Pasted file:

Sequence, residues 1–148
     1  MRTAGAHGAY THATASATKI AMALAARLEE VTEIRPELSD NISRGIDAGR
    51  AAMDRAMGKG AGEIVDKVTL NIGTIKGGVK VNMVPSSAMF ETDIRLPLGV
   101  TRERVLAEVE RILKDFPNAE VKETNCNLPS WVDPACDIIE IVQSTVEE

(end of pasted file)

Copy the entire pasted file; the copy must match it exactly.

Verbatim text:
Sequence, residues 1–148
     1  MRTAGAHGAY THATASATKI AMALAARLEE VTEIRPELSD NISRGIDAGR
    51  AAMDRAMGKG AGEIVDKVTL NIGTIKGGVK VNMVPSSAMF ETDIRLPLGV
   101  TRERVLAEVE RILKDFPNAE VKETNCNLPS WVDPACDIIE IVQSTVEE